We are getting close to the point, and in some cases have already arrived, at which we are unable to function normally without the assistance of augmentation.
When was the last time you stopped staring at your phone or took a vacation from your social media accounts?
We are already, to some extent, cyborgs, as I’ve mentioned previously, and even while we don’t have cybernetic implants as the Borg have, we nonetheless cling to our electronics as if ripping them away from us would tear at the flesh. Worse yet, we have started to place our faith in our electronic devices; I am just as guilty of this as everyone else. Whenever I schedule a call or a meeting, I have to immediately add it to my calendar; otherwise, I will never remember it. I have even gone so far as to argue that if the meeting is not on my calendar, then it does not exist.
I’m using the device as a backup brain, my off-brain storage facility, and all of the information can be accessed in an instant with only a few touches. Many productivity experts, such as Robert Allen, author of the book Getting Things Done, commend this kind of approach and encourage individuals to write down their chores, perform them immediately if they take less than two minutes, and schedule them in advance if they take more time.
Already, we put all of our faith in our devices to recall important details for us. Because of this, many of us are willing to hand over control of our private information to the companies that operate the apps that are installed on our mobile devices. These companies collect our data and then use it to provide us with information that is ever more compelling. This information is constantly being updated so that it can evoke stronger feelings of anger and resentment in us.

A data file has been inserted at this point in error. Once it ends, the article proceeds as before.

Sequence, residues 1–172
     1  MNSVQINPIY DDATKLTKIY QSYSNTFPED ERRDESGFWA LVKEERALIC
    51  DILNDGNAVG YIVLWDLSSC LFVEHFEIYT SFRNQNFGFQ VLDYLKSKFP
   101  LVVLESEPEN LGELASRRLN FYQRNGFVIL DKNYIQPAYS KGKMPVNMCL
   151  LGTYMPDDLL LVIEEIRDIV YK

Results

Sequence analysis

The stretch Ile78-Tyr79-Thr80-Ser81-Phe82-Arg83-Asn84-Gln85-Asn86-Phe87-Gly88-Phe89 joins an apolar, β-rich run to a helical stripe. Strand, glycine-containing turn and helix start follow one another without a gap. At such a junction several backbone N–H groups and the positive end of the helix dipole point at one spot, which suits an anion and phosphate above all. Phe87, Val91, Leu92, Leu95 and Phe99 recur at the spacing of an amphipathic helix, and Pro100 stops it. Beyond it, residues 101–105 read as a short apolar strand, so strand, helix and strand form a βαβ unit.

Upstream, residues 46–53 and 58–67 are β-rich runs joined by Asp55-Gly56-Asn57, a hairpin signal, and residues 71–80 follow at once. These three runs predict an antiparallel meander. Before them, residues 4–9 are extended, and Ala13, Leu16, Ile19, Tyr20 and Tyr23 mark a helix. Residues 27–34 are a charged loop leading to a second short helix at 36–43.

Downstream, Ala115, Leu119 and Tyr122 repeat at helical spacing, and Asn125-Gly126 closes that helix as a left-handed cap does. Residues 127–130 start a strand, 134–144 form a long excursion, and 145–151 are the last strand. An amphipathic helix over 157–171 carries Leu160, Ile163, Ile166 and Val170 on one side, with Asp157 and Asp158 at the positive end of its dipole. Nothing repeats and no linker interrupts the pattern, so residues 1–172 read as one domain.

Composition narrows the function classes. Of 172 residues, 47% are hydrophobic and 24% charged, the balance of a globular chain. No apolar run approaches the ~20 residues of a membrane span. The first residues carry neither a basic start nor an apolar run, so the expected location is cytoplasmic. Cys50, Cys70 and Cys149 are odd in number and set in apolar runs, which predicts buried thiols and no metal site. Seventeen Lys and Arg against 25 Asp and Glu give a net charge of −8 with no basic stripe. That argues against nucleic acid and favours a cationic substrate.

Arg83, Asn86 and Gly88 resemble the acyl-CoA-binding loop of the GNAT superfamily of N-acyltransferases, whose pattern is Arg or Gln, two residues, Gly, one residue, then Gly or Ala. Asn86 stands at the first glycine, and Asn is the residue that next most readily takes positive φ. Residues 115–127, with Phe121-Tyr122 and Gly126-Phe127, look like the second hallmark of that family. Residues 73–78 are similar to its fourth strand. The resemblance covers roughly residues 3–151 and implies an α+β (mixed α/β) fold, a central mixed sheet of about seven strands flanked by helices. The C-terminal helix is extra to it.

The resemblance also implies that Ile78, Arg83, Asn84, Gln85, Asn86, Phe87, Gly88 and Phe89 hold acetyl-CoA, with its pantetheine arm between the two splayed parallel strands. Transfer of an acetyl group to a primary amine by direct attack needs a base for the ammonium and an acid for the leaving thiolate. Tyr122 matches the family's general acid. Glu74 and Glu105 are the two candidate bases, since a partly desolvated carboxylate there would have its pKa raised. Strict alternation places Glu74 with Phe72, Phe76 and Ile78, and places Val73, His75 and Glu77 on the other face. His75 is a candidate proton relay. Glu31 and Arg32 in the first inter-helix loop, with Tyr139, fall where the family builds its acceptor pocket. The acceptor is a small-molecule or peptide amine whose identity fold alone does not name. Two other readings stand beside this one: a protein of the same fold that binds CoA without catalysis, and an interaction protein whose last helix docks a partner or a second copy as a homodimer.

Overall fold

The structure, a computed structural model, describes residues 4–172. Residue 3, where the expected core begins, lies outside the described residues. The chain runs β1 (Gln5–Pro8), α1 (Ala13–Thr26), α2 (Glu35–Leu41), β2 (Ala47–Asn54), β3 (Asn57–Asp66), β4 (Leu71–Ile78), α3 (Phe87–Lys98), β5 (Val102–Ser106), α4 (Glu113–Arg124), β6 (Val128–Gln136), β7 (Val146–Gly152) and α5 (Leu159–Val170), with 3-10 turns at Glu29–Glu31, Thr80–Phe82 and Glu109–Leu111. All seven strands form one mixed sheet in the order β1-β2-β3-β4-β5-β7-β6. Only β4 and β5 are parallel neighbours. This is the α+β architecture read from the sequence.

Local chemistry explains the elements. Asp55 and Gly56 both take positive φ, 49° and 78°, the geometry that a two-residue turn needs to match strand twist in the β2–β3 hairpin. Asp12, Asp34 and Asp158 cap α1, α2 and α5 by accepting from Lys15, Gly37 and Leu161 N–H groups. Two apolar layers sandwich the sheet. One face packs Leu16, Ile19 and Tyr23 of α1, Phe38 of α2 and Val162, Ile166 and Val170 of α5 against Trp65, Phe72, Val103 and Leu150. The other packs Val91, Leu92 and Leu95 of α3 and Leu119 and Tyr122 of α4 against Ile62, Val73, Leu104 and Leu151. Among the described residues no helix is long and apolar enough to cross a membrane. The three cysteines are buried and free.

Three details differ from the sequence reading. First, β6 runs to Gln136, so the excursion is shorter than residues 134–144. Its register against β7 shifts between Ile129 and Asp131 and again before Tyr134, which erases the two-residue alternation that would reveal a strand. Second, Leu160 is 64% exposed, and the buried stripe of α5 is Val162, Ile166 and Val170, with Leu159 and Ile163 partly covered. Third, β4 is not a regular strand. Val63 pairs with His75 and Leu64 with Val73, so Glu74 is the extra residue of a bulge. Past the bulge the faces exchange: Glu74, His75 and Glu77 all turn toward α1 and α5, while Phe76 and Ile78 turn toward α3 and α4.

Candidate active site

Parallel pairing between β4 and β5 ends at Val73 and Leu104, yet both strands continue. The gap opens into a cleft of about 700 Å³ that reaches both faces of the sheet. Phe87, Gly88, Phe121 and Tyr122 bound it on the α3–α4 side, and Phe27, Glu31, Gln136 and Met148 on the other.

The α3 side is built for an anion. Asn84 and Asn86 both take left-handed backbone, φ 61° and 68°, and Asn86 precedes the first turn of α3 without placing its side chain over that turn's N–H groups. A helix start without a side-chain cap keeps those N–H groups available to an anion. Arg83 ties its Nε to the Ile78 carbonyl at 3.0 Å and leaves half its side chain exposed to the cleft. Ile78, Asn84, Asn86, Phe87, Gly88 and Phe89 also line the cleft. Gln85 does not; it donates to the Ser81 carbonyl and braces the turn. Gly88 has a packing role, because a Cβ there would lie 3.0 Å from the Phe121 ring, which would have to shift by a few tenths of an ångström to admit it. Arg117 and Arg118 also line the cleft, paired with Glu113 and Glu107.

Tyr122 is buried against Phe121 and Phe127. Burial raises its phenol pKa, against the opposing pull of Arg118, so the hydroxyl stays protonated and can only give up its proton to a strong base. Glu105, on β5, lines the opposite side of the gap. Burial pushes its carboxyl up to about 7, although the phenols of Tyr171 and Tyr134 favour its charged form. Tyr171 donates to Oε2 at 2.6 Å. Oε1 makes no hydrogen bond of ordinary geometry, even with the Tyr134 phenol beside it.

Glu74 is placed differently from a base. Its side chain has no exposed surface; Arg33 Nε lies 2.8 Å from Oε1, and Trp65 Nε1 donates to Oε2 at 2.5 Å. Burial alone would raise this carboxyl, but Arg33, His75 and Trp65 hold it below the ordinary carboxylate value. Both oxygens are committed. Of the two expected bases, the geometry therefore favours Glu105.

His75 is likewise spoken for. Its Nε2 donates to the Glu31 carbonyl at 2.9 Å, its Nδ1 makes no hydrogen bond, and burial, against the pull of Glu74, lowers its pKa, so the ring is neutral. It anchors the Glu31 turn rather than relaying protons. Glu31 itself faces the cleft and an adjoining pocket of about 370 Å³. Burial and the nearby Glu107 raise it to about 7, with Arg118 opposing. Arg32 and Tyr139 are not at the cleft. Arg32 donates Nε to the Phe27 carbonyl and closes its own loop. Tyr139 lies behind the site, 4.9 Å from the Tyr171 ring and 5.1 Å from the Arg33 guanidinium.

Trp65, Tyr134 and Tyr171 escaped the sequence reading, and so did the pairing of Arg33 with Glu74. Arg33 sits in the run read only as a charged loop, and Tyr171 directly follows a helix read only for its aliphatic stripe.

It’s almost as bad as taking drugs, considering that medicines don’t usually adapt their effects to the person who’s taking them (although there may be medications like that on the market that I’m not aware of). We put a lot of faith in our technology, and when it lets us down, we point the finger at the technology itself. However, the fact that it works as well as it does at all should be enough to amaze us. The desire is there to put our faith in the technology, but it’s possible that we shouldn’t.
Perhaps we ought to be more skeptical of the technology that is stealing our time and causing us to be less happy. This is because it is causing us to engage in activities that have no real value. According to a recent study, users of social media reported a significant boost in their overall satisfaction after they discontinued their use of social media.
There has been story after story that discusses how the communities of interest effect, which used to be such a positive force in connecting people who might not ever normally meet together to discuss shared issues and not feel as alone, has transformed into forums where humans’ hatred can spiral to a fever pitch.
In the end, we need to approach these technological marvels, which give the appearance of having made a significant positive impact on our environment, with a much more clinical and critical attitude. How can we be sure that future virtual assistants, when they propose a purchase based on our requirements rather than Amazon’s, have our best interests at heart?
Even while the disruption is both essential and unavoidable, our response to this tech should be more cautious. They are not here to save us; rather, they are here to serve us, and we should keep that in mind as we try to reclaim some of the humanity that they have taken from us.